The Moonbird

The Moonbird

Paperback

By (author) Joyce Dunbar, By (author) Jane Ray, Illustrated by Jane Ray

List price $9.36

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  • Publisher: Corgi Childrens
  • Format: Paperback | 32 pages
  • Dimensions: 260mm x 260mm x 3mm | 201g
  • Publication date: 1 January 2008
  • Publication City/Country: London
  • ISBN 10: 0552550035
  • ISBN 13: 9780552550031
  • Edition statement: Reprint
  • Illustrations note: chiefly col. Illustrations
  • Sales rank: 186,250

Product description

A Moonchild blows a bubble that pops on an Earth baby and surrounds him in silence. He cannot hear or speak. His parents, a King and Queen, are devastated when they realize but a Moonbird teaches the little prince how to use his hands and eyes to communicate. This is a beautifully written story about deafness, sumptuously illustrated by Jane Ray.

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Author information

Joyce Dunbar is a widely respected author of more than fifty books for children. Her Mouse and Mole series has been very popularly adapted for television and her lyrical re-telling of the Nativity story, This is the Star, received widespread critical acclaim. She has also collaborated with artist Debi Gliori for several picture books for the Doubleday/Picture Corgi list, including Tell Me Something Happy. Joyce is profoundly deaf. Jane Ray was born in Chingford, North East London. After a degree course at Middlesex University in Ceramics and 3-D Design she began her career by designing greeting cards. Jane's first picture book A Balloon for Grandad was shortlisted for the prestigious Mother Goose Prize for first-time book illustrators. Jane's illustration style is instantly recognisable and she is well known internationally. The rights to her books are sold throughout the world and she has gained as much success in America as she has in the UK. Jane lives in London with her husband, a music conductor, and their three children.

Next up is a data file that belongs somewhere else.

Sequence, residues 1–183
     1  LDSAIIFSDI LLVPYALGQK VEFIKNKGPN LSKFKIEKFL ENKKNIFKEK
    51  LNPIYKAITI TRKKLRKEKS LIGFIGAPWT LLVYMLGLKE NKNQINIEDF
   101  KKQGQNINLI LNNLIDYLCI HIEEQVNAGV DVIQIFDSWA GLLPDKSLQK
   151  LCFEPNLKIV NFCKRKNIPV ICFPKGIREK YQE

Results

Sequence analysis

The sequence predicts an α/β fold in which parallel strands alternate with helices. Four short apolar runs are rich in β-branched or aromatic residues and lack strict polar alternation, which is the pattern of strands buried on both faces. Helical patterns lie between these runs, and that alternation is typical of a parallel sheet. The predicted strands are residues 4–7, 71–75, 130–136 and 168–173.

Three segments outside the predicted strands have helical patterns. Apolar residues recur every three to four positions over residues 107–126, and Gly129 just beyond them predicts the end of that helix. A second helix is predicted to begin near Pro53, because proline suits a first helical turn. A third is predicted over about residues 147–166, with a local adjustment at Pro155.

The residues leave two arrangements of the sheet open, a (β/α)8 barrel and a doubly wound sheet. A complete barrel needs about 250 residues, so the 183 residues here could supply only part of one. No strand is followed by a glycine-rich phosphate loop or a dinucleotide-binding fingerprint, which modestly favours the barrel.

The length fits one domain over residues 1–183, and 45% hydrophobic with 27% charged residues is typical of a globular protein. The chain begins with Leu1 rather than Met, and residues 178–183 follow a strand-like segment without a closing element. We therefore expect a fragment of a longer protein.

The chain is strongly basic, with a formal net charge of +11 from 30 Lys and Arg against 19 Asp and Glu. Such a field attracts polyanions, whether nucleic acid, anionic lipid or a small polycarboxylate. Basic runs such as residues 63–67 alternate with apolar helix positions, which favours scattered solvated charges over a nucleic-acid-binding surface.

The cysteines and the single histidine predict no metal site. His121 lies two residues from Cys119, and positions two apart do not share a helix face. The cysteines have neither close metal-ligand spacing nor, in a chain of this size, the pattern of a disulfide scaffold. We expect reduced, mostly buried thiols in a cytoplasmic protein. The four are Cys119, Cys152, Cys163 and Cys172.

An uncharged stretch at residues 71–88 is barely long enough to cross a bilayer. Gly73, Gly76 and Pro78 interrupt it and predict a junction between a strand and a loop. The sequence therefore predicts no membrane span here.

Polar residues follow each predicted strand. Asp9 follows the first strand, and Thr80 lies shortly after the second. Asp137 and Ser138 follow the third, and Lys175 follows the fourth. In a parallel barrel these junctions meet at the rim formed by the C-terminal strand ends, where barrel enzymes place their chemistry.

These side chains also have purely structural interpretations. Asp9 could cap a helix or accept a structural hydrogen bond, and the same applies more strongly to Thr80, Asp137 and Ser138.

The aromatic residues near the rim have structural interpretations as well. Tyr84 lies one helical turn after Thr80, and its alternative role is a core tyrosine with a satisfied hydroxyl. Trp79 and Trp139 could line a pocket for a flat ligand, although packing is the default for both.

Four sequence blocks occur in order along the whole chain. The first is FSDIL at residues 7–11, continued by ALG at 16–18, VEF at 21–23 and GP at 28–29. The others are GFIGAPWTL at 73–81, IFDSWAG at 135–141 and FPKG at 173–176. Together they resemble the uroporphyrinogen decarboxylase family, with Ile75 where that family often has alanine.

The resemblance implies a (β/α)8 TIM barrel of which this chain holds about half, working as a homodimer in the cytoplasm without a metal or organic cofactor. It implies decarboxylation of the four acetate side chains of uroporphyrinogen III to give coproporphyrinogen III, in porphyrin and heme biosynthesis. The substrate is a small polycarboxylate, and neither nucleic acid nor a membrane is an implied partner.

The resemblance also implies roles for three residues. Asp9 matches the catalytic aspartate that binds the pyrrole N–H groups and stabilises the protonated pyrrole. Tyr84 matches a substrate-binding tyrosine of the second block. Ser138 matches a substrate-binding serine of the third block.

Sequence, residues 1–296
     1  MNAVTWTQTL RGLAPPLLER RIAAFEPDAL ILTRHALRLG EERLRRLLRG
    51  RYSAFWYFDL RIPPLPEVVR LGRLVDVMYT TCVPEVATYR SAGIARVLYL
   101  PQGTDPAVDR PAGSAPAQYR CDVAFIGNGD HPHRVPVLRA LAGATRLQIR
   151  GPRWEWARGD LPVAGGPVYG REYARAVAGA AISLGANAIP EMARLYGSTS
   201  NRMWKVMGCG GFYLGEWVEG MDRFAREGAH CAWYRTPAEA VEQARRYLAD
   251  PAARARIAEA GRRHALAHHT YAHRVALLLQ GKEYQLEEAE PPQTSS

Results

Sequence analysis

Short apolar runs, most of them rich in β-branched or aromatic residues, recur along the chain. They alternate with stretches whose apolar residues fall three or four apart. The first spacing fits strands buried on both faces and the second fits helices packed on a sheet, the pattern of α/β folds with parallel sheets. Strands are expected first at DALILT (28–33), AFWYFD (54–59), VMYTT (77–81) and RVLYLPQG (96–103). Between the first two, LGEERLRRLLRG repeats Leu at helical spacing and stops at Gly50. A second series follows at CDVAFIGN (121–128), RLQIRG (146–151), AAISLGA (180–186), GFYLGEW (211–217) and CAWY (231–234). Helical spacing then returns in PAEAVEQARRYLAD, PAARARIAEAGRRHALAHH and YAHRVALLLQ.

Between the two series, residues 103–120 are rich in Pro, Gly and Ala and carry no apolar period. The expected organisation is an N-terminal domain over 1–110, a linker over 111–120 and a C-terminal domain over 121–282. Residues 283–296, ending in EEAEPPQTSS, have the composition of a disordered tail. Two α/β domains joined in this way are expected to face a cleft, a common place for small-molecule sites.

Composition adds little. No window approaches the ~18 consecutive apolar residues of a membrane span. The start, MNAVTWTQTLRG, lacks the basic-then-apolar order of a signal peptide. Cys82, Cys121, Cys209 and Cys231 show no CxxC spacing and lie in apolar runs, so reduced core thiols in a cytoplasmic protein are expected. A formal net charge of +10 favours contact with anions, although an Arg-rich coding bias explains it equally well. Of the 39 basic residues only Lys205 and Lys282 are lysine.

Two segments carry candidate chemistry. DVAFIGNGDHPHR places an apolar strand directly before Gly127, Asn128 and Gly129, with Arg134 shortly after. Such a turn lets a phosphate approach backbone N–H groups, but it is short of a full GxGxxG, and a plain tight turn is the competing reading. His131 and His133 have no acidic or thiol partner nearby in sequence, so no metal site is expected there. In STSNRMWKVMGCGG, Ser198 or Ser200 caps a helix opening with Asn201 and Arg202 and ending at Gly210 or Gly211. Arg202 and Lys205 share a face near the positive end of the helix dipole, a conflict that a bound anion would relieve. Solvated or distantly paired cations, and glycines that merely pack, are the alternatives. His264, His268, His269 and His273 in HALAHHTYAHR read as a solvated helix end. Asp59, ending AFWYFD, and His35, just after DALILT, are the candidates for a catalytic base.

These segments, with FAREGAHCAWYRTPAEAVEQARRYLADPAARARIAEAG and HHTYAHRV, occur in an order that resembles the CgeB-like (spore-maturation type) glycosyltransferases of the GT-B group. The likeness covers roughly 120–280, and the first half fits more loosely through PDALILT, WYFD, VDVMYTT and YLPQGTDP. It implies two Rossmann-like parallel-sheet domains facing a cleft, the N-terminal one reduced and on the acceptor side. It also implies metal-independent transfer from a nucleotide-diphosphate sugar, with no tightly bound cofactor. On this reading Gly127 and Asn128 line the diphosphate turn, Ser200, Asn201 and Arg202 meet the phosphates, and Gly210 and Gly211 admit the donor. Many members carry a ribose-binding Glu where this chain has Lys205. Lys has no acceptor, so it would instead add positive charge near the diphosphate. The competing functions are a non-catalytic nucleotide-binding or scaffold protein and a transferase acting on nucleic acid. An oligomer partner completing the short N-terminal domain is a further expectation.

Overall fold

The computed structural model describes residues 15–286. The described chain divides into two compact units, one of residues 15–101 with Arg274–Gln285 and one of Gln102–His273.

Review quote

"A remarkable story" The School Librarian 20070501 "When a book is simple and good by the judgement of children, it is very good indeed. Moonbird is just such an extraordinary work. Across pages which have all the splendour of a medieval tapestry, the deaf prince, like a truth telling child from a Wilde fairy tale, teaches the court new and deeper forms of communication" The Irish Times "A beautiful story about deafness" -- Laura Lee Davies Junior 20061001 "The illustrations by Jane Ray, with their extravagant characters, turreted cities, stylised gardens, decorative creatures, foliage and hairdos are all exquisitely patterned and delicately and ravishingly coloured" The Sunday Times 20060820 "A beautiful book to share with all children" Carousel 20061101

Editorial reviews

From the magical land of the silvery bubble-blowing Moonchild, a bubble popping in little Prince Orla's ear suddenly makes him profoundly deaf. His worried, joyless parents hire several ineffectual fools to restore their son to their hearing world. The most ridiculous looking one is ready to tie elephant-sized ears on the prince's head. The royal soothsayer understands immediately that the child comprehends the world with his eyes, and the soothsayer is commandingly credible, because he wears magical symbols: star, tree and bird. Graceful Moonbird comes to the rescue, flying the prince to a magical school where a gazelle and silver monkey teach him "eye music," and tell him he can teach his parents hand talking and silent mouthing. However, his parents are clueless until Moonchild blows an enormous bubble that bursts over their kingdom, changing their intricate yet barren landscape and their hearts. Ray's luminous art and lyrical text are heavy with symbolism: Those who understand sign language and the powers of observation are adorned in the most silver trees, birds and stars, and others find adornment as they learn. Young readers will understand with help the clear message that sign language education for children who are deaf is essential to their healthy growth, and that it is a tremendous step forward for all people to increase their observation skills to learn it. But this heavy, controversial message won't be swallowed easily. (Picture book. 5-7) (Kirkus Reviews)